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ARS Home » Plains Area » Manhattan, Kansas » Center for Grain and Animal Health Research » Grain Quality and Structure Research » Research » Research Project #437958

Research Project: Grain Composition Traits Related to End-Use Quality and Value of Sorghum

Location: Grain Quality and Structure Research

Project Number: 3020-43440-002-00-D
Project Type: In-House Appropriated

Start Date: Apr 13, 2020
End Date: Apr 12, 2025

Objective:
OBJECTIVE 1: Determine and quantify grain components linked to ‘health-promoting’ benefits and commercial quality of sorghum foods and feed. • Subobjective 1.A. Determine the mechanism related to the reduced protein quality of cooked sorghum flour. • Subobjective 1.B. Characterize protease inhibitors in sorghum and their role in modulating digestibility in sorghum flour. • Subobjective 1.C. Evaluate and identify bioactive compounds in sorghum linked to anti-cancer and other health promoting properties. OBJECTIVE 2: Develop and improve methodologies for rapid prediction and measurement of sorghum grain attributes linked to valuable end-use quality traits. • Subobjective 2.A. Utilize UHPLC (ultra-high-performance liquid chromatography) size exclusion for characterizing sorghum polymeric protein complexes related to end-use quality of sorghum. • Subobjective 2.B. Develop near infrared spectroscopic methods to predict grain composition and quality traits of sorghum.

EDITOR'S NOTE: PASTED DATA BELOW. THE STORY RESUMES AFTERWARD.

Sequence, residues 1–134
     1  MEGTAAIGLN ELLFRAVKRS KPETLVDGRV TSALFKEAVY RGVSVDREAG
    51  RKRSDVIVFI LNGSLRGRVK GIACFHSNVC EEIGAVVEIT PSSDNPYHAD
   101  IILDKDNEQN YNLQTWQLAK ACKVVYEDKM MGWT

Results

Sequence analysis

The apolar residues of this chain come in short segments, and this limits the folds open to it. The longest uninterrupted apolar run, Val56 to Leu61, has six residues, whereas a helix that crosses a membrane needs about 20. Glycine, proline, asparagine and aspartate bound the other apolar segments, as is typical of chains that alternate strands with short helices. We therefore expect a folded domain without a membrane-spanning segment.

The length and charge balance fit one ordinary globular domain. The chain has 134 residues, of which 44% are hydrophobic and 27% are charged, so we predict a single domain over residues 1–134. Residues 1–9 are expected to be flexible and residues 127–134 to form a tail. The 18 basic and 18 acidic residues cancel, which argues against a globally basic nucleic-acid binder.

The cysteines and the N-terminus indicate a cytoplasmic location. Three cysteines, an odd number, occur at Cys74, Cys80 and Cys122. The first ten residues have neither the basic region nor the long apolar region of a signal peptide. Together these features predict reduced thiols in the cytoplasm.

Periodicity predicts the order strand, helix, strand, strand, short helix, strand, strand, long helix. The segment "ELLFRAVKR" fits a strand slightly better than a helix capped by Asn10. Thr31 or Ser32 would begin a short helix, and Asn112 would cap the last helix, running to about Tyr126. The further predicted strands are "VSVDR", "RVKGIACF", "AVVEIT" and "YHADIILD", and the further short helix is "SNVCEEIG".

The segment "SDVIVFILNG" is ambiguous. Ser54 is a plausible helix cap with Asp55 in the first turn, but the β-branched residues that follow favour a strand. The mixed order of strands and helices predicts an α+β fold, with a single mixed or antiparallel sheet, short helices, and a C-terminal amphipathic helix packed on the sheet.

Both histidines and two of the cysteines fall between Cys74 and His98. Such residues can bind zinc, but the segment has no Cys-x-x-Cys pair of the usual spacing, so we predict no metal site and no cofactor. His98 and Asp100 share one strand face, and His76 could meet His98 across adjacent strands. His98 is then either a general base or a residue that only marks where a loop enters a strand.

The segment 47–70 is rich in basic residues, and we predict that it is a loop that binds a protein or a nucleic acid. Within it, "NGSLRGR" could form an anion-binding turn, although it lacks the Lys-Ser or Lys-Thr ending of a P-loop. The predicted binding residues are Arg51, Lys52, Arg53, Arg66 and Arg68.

Approach:
Sorghum is an important drought tolerant crop in the central U.S. where water is limited and rainfall unpredictable. Sorghum has been primarily used for animal feed in the U.S. and is consistently used by the biofuel industry and increasingly used in human foods. As for any cereal, grain composition plays an important role in its utilization. To support utilization of sorghum grain, research is needed that identifies grain components linked to functional and nutritional quality of sorghum products. One issue for sorghum utilization is how processing, especially cooking, impacts sorghum flour nutritional and functional properties. It is known that heating increases sorghum protein cross-linking, which in turn affects both protein and starch functionality and digestibility. The exact mechanism of how this occurs is not known; nor is it known how protein and starch changes influence the role of digestive inhibitory compounds in sorghum. Identifying the mechanism behind these changes will provide avenues to improve sorghum flour quality as well as provide new targets to improve sorghum grain composition at the genetic level. Likewise, sorghum is known to have high levels of bioactive compounds that have potential human-health promoting benefits. However, much of the past research on bioactive compounds in sorghum has been based on chemical assays. To further define and identify the health-promoting benefits of sorghum, research using additional methods such as cellular based assays are needed. Such research will help define the value of sorghum in human foods and provide targets for the genetic improvement of sorghum.